Aspen Outfitting Company’s Upper Roaring Fork River Report 1/20/23

Cian McGillicuddyFly Fishing, Winter Fly FishingLeave a Comment

Flows and Water Clarity

The Roaring Fork is running low and clear. Flows are 26 cfs below Maroon Creek, and 227 cfs at Emma.


Going into the last 10 days of January, the fishing has been great! With cold temperatures and low flows in the Upper Fork, the fish are stacked up in slower, deeper water. Focus on deep holes and eddies near natural structure for the best results. During this time of the year, when you find one fish, you often find many — so make sure to cover water until you find success.

Common Hatches and Food Sources 

Midges, Baetis, and Eggs.

Midge Larvae and Baetis nymphs are the main sources of food present in the upper fork right now. But, we’re also seeing some slightly larger mayfly and stonefly nymphs lingering on rocks and twigs. During this time of the year, trout occasionally feed on eggs, but it can be hit or miss. On warmer days, we’re seeing some fish rise intermittently to eat hatching midges. Sculpin are always present in the river, but only the most aggressive fish will bother to eat them this time of year.

Winter Mayfly Nymph on the Roaring Fork

Hot flies & Techniques


Midges and Baetis 

Zebra Midge (black, gray, size 18-22), WD40 (black, gray, size 18-22), Top Secret Midge (gray, brown, size 18-22) RS2’s (cdc, crystal wing, black, gray, size 18-22), Juju Baetis (red, olive, black size 18-22).

Point Flies

“Frenchie” Tungsten jigs (yellow, brown, pink, size 14-18), Bead Head Rainbow Warrior (classic, purple, red, size 16-20), Eggs (chartreuse, peach, white).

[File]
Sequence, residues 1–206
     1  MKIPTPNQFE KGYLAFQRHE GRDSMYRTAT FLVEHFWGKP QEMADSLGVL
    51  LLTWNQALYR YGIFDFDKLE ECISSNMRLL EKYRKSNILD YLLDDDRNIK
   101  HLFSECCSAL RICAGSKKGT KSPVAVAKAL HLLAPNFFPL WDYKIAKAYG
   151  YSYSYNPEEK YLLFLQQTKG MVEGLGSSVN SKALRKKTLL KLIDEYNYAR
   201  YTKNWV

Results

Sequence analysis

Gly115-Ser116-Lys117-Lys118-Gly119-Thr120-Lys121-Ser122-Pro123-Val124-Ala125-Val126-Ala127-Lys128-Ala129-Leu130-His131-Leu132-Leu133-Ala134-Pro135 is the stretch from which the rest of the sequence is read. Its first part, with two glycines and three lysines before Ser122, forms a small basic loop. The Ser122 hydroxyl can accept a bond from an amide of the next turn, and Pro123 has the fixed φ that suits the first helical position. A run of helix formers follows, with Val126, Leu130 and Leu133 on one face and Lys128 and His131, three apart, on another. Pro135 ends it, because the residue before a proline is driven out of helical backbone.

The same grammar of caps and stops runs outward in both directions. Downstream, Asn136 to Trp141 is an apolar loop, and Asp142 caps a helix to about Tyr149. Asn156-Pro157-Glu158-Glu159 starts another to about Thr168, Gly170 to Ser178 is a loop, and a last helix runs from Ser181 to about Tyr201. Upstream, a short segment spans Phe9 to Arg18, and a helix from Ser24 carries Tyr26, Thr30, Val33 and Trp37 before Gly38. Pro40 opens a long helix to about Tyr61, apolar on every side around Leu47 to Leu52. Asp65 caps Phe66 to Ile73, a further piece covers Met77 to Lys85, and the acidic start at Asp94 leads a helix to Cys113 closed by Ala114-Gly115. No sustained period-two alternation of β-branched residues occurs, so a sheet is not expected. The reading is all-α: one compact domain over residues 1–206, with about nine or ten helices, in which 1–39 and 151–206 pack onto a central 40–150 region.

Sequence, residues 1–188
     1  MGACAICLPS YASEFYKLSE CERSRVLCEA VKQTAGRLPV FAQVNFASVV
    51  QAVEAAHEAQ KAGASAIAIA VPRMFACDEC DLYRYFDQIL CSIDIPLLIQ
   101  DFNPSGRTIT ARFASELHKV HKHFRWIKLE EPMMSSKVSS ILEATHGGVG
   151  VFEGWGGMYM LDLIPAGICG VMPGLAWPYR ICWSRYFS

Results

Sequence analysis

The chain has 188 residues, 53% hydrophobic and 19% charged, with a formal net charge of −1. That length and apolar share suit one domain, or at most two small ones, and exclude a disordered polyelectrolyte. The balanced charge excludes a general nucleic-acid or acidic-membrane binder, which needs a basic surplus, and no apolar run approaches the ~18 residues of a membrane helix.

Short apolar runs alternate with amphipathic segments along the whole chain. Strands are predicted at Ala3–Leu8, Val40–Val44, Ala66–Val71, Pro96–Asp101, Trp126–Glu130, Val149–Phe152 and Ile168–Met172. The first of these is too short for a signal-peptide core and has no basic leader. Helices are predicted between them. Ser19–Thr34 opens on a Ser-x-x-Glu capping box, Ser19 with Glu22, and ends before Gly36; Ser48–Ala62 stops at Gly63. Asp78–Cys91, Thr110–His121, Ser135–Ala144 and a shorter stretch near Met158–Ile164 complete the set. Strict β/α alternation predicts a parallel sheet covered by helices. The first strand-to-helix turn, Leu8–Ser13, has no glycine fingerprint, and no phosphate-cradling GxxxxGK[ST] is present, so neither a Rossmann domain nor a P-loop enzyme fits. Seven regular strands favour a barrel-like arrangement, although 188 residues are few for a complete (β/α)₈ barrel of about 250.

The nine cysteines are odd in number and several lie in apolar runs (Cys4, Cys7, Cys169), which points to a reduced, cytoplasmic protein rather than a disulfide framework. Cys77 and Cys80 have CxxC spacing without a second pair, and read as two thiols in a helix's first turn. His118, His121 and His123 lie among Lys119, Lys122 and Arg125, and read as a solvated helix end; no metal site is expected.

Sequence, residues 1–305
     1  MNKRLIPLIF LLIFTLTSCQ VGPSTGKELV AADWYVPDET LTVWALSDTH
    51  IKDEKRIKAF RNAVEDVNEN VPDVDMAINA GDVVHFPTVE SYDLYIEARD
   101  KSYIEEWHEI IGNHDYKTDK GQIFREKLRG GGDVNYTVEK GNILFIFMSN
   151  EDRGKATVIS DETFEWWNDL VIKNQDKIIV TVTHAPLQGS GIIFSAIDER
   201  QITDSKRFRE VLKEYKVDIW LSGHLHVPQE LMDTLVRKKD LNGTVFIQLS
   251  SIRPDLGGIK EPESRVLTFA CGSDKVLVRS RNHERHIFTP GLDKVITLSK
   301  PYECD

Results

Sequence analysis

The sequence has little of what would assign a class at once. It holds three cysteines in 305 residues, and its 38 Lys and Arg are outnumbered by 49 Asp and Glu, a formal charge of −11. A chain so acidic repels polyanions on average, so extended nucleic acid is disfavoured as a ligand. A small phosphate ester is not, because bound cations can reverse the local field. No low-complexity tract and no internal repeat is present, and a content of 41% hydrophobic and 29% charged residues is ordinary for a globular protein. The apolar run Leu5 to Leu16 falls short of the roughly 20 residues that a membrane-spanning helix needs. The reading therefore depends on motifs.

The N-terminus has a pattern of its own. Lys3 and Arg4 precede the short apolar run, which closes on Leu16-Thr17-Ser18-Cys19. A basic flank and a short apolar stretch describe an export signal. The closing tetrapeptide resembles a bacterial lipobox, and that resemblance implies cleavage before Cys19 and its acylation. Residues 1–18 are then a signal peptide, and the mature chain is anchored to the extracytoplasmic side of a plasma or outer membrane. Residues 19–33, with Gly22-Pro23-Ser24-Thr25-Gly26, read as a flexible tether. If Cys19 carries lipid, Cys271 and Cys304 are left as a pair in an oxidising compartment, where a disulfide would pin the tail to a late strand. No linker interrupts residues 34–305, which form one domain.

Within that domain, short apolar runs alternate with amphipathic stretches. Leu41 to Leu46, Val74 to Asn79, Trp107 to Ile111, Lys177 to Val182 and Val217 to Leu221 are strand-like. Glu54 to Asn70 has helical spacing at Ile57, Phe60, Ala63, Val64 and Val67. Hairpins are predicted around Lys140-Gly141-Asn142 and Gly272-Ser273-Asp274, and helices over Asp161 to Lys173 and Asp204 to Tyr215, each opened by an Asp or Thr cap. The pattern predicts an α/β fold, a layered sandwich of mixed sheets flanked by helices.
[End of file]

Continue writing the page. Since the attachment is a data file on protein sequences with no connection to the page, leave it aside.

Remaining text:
Griffith’s gnat (classic or hi-vis, 18-22), Element Hi-Vis Midge (black, size 20) Parachute Adams (18-20), BWO Hackle Stacker (18-20)


Motor Oil (black, size 6), Slumpbuster (natural, size 8-12), Thin Mint (size 6-10). 


Nymphing is the most productive technique during this time of year by far. Finding deep holding water and using weight to get your flies down will be crucial to success. Longer leaders and heavy split shot will help you get your flies in front of more fish. Leading with larger jig style patterns to help get smaller flies down deeper has been a very productive technique. With the cold temperatures, your floating line and line guides are at risk of freezing over, using ice off paste can help extend your time on the water.

On warmer days, keep an eye out for pods of rising fish. Small midges are the predominant hatch right now, so switching to small dry flies and fine tippet is your best chance at fooling fish. Small streamers are also an option this time of year, but be sure to focus your efforts on deep pools and structure. 

Information About The Roaring Fork

The Roaring Fork River is a freestone river that runs 70 miles from Independence Pass through Aspen, Basalt, and Carbondale until it reaches its confluence with the Colorado River in Glenwood Springs. The cold, clean waters of this famous river support an incredible array of aquatic life including brown, rainbow and cutthroat trout. The Roaring Fork is designated as a “Gold Medal” fishery, meaning it offers some of the best trout fishing in the nation to beginners and seasoned anglers alike.

Written by Aspen Outfitting Company Staff, Photos by Anna Stonehouse and Josh Petersen

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